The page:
Protect health of bred cows this summer
Getting cows and heifers bred is only part of the challenge in beef and dairy production. Keeping them bred also requires careful management, especially during the summer. High heat index (combined temperature and humidity) is a common environmental factor in early pregnancy loss and can increase the risk well into the second and even third trimesters. Heat stress can also have a long-term effect on egg quality and, thus, embryo quality.
In July 2018, after a northern Missouri beef herd owner saw his bull breeding cows that were known to be pregnant from an earlier pregnancy check, University of Missouri Veterinarian Dr. Scott Poock took his ultrasound device to the field for rechecks of pregnancies. Overall, he found an average of 20% open in the herds he checked. The few exceptions were bred early in April prior to May heat. He also received reports of beef cows showing heats at 30 to 50 days after timed artificial insemination. These cows likely conceived but then lost their embryo.
That same summer, Poock found up to 25% loss of pregnancies after early diagnosis (30-32 days of gestation) at MU’s Foremost Dairy. He also found dead embryos from AI breeding from mid-May through June.
Heat-related pregnancy losses are caused by several factors, including increased internal temperature of the cow. The early embryo is sensitive to body temperatures above normal. At six to eight days, the embryo becomes heat tolerant. Early heat stress potentially leads to embryo loss within the first week after breeding; these cows come back into heat on schedule.
High temperatures also disrupt ovarian and uterine functions. Egg quality declines with oocytes being compromised. Fertilization occurs, but the fertilized egg does not develop normally. The embryo dies later. Such cows return to heat at strange intervals.
And, in some cases, it may not be the cow’s fault. Heat stress affects bulls, too. It can decrease sperm quality, which leads to fewer pregnancies.
Open cows or heifers are expensive. While there is a cost to pregnancy diagnosis, it is a valuable tool for managing or marketing cattle. Obtaining the highest value for every female is critical. Selling open cows or heifers prior to the seasonal cull cow market price decline in August and September has huge economic benefit. If forage availability is below normal, selling known open cows or heifers extends forage resources and reduces feed costs.
Consider the different pregnancy diagnostic options:
- Rectal palpation provides immediate results, allowing cows to be chute sorted at 35 days post-breeding. It requires significant experience and can cause early embryonic loss of 1-3%.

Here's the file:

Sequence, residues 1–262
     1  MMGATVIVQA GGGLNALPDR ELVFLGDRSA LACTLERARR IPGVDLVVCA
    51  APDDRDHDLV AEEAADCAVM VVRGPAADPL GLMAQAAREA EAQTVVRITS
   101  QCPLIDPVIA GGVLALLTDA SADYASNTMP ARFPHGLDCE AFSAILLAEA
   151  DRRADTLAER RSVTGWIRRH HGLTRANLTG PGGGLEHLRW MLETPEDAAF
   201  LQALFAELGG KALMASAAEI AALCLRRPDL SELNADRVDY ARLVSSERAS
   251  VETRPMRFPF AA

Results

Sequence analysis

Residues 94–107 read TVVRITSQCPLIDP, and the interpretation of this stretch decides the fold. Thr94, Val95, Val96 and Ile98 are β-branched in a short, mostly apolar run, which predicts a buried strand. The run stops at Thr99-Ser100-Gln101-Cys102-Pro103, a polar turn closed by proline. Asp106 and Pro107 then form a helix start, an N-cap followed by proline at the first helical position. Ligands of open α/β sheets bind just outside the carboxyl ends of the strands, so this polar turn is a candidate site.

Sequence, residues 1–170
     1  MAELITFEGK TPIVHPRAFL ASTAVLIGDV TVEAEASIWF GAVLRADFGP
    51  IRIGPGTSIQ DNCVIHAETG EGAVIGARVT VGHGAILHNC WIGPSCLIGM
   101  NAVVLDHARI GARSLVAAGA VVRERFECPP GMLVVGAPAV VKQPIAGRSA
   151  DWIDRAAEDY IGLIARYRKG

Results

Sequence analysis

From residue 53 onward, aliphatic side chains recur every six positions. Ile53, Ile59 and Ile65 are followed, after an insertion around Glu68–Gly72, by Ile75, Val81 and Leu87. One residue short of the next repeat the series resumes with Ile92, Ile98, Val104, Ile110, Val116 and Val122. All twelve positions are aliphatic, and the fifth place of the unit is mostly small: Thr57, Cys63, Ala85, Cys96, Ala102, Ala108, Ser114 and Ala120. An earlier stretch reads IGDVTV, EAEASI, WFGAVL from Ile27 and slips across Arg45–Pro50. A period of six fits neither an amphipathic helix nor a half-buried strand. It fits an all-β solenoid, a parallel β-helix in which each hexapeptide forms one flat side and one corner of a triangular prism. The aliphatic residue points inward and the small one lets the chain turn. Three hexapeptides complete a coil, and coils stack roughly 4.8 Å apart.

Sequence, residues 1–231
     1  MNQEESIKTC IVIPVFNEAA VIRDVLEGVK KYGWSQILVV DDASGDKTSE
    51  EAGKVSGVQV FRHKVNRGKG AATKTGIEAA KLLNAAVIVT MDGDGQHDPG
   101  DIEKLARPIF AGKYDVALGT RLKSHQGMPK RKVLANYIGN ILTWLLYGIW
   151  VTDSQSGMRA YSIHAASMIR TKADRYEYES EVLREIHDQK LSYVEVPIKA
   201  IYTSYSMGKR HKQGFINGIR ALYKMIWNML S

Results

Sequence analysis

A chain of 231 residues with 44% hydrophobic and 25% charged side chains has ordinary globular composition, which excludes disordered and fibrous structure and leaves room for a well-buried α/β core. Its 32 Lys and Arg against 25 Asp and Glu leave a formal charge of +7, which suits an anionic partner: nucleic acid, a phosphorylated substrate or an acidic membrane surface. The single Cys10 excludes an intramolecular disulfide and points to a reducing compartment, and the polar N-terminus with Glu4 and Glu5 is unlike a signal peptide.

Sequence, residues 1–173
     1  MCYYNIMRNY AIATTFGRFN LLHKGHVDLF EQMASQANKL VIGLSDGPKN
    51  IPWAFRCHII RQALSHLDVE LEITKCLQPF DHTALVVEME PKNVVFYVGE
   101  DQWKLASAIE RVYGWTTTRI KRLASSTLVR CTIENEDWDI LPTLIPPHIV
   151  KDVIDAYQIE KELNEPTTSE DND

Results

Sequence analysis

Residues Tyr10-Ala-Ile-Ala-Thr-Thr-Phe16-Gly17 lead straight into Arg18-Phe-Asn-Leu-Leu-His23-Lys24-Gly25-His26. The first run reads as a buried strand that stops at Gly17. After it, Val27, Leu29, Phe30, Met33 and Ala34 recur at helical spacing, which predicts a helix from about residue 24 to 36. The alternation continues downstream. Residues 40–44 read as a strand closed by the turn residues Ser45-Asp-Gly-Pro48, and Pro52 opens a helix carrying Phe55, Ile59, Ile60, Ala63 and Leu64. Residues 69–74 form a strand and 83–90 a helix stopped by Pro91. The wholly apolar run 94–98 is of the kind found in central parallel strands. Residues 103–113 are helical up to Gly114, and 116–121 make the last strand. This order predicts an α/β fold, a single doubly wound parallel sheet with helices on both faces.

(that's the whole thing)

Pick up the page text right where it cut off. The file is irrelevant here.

- Ultrasound is most expensive and requires a technician but can be performed at 28 days post-breeding. Depending on when it’s used, ultrasound is the most informative tool available. Results are immediate and allow you to identify the calf’s age and sex.
- Blood testing is the most inexpensive and least invasive method, with accurate results at 30 days post-breeding. Results are typically delayed two to four days, no calf information is available, and cows should be 90 days post-calving to avoid false positives.
The type of female being evaluated is important in your decision on what method to use. Since heifers don’t have a calf by their side, blood test and quick marketing is an option for those that aren’t pregnant. Conversely, for cow-calf pairs not being weaned early, palpation at a later date works.
For cows and heifers that are found to be pregnant, an early diagnosis allows you to make timely decisions to minimize heat stress and help protect the unborn calves through the summer. Heat abatement strategies such as ensuring adequate water and shade are critical. Watering stations need to be located conveniently to allow multiple cows access and keep up with hydration demands. Shade can be provided by trees, buildings, or shade structures. Evaporative cooling systems also can be used in barns to help beat the heat. Beyond reproductive benefits, minimizing heat stress also improves overall cow health, production and well-being during the summer season.
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